Description: New teachers begin the school year with optimism and enthusiasm, but their excitement quickly wanes as they encounter the realities of the everyday life of a teacher. When they do not experience the successes they predicted, many begin to doubt their capabilities, which results in a lowered sense of teaching efficacy. This descriptive study was designed to identify the contextual factors novice teachers perceive as influences on personal teaching efficacy and to examine the relationships between the factors. Two groups of novice teachers who were concurrently enrolled in a post-baccalaureate accelerated educator preparation program and working as first-year teachers were the participants in the study. Data were gathered for the study through focus group activities, twice weekly journal entries completed during the teaching year, and a culminating “lessons learned” paper written during the last month of the first year of teaching. Each of the two focus groups identified nine contextual factors they perceived to affect personal teaching efficacy. Six factors were identified by both groups: parental involvement, support from administrators and colleagues, classroom discipline, testing results, teaching strategies and outcomes, and relationships with administrators and colleagues. The groups, however, perceived the relationships between the contextual factors differently. The generalists perceived ...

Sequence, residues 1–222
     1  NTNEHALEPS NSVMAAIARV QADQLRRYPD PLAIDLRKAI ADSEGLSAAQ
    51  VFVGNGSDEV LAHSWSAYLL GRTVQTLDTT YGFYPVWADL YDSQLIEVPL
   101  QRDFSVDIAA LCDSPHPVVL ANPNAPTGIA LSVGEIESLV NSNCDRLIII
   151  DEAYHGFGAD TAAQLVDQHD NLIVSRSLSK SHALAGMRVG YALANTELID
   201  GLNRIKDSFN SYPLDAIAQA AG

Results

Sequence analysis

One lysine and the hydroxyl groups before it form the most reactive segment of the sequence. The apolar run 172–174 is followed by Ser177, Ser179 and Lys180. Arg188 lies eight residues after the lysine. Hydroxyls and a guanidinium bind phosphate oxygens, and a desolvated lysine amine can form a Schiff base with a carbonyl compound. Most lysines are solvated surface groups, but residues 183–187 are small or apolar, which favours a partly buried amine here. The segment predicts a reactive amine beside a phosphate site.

Contributing Partner: UNT Libraries
Parallels Between the Gaming Experience and Rosenblatt's Reader Response Theory

Parallels Between the Gaming Experience and Rosenblatt's Reader Response Theory

Date: May 2013
Creator: Sanders, April